Wednesday, 21 May 2014

If Brussels has a legitimacy problem, the solution is to vote tomorrow

 – and for candidates willing to engage with it

That was the message of the Indy's leader today. It goes on:

It is possible that a large proportion of voters will mark their ballot paper tomorrow – in both the European and council elections – to reflect their feelings not about issues that MEPs and local councillors can address, but about the performance of the national parties since 2010. Given the volume of national political bickering in this country, and the relatively muted EU and local campaigning, this is perhaps understandable. But these are crucial elections in their own right.
Yet some of the largest and most complex contemporary problems require trans-national political responses – and the European Parliament has great influence on the European Commission, the civil service body which puts together EU law. Following the Lisbon Treaty of 2009, the head of the Commission will need to be vouched for by the Parliament, where previously the decision was solely down to national governments who make up the European Council.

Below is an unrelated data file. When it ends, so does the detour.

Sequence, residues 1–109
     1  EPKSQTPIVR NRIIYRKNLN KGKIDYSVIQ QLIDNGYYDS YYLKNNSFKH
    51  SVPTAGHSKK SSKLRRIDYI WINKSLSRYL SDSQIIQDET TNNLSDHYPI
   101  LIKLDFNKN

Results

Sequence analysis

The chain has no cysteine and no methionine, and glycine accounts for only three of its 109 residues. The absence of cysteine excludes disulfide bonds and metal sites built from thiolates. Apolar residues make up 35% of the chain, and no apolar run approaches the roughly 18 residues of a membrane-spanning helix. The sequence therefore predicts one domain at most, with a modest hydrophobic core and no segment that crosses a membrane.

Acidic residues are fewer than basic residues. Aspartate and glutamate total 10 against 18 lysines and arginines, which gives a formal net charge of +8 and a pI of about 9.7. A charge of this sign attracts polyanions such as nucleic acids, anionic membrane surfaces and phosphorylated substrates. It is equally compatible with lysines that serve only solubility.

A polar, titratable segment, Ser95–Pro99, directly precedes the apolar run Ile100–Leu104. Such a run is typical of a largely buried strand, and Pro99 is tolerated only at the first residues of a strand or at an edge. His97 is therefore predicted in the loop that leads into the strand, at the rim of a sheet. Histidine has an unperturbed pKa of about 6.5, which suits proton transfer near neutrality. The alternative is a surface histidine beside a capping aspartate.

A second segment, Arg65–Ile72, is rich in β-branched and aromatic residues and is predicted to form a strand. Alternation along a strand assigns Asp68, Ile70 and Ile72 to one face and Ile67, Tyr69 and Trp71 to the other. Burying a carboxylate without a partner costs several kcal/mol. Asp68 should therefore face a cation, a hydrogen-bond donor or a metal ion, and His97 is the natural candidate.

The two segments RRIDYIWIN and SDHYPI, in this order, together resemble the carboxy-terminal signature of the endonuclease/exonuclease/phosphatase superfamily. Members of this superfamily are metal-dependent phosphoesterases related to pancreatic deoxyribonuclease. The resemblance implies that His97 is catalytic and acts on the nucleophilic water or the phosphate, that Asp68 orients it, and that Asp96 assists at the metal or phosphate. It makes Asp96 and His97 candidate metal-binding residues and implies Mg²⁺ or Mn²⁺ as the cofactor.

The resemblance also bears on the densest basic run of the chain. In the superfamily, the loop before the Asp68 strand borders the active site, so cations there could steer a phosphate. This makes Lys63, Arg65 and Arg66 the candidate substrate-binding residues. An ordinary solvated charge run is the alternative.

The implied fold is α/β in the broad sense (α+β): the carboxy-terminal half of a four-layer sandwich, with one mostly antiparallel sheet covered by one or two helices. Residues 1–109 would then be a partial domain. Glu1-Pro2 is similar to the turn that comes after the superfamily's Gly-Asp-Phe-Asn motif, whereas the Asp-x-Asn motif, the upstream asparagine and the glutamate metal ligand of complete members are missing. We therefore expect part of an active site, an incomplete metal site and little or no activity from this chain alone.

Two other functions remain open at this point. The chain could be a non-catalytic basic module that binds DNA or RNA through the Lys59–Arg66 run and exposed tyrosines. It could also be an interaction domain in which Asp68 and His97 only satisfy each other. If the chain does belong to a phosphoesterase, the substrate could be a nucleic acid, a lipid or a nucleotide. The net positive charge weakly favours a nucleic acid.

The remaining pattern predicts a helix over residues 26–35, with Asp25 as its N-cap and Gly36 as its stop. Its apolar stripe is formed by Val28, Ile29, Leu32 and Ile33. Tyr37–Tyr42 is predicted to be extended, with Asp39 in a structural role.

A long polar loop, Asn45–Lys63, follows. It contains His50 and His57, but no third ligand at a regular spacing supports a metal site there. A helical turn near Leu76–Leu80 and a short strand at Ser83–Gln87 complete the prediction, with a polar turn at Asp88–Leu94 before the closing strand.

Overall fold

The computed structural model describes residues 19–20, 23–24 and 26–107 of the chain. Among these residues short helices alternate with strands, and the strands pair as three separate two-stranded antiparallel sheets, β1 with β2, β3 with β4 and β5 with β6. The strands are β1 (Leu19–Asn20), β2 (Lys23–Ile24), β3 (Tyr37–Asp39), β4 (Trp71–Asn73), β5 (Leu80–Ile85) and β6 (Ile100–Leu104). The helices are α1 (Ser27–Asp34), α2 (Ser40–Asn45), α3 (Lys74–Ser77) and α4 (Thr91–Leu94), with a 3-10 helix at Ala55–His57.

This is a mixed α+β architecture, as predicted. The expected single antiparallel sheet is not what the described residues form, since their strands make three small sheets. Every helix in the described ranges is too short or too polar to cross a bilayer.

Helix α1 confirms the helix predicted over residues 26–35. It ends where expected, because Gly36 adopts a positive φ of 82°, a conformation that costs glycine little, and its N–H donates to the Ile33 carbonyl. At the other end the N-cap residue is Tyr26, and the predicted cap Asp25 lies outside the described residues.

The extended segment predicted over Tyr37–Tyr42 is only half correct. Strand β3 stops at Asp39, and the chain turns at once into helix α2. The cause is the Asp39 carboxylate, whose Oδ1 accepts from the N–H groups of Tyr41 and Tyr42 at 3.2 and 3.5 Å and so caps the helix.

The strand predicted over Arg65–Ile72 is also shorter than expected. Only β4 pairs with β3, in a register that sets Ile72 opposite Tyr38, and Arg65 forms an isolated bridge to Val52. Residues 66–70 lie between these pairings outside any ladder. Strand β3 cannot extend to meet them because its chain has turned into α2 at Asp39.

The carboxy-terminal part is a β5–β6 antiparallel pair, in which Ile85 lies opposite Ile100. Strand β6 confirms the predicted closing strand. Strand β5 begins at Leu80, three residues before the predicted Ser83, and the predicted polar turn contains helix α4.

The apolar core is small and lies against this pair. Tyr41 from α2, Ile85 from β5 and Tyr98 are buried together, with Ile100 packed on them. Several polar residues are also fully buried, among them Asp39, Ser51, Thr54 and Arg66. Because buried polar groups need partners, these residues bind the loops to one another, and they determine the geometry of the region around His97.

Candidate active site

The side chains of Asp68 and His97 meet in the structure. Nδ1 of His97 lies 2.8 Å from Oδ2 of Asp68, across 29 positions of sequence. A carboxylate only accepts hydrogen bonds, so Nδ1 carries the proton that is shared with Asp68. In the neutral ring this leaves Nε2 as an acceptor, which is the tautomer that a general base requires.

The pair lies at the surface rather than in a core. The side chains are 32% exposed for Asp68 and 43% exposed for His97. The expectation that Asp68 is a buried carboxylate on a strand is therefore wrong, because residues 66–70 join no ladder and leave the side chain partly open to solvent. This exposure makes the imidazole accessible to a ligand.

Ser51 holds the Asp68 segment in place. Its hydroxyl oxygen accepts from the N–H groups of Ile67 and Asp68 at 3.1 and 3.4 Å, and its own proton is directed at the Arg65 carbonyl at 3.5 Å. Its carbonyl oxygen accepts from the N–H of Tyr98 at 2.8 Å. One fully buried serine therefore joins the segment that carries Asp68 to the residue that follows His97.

In their plenary sessions, MEPs will also have a say on cross-border issues from finance to terrorism to migration policy. Some 90 per cent of what the EU does must run through Strasbourg. On climate change, for example, the UK’s 73 MEPs will influence the level at which future EU emissions targets are set. Quite simply the Parliament is more powerful than most national legislatures. A vote for a candidate who promises properly to engage with it is a vote that recognises the inter-connected nature of progressive European society.

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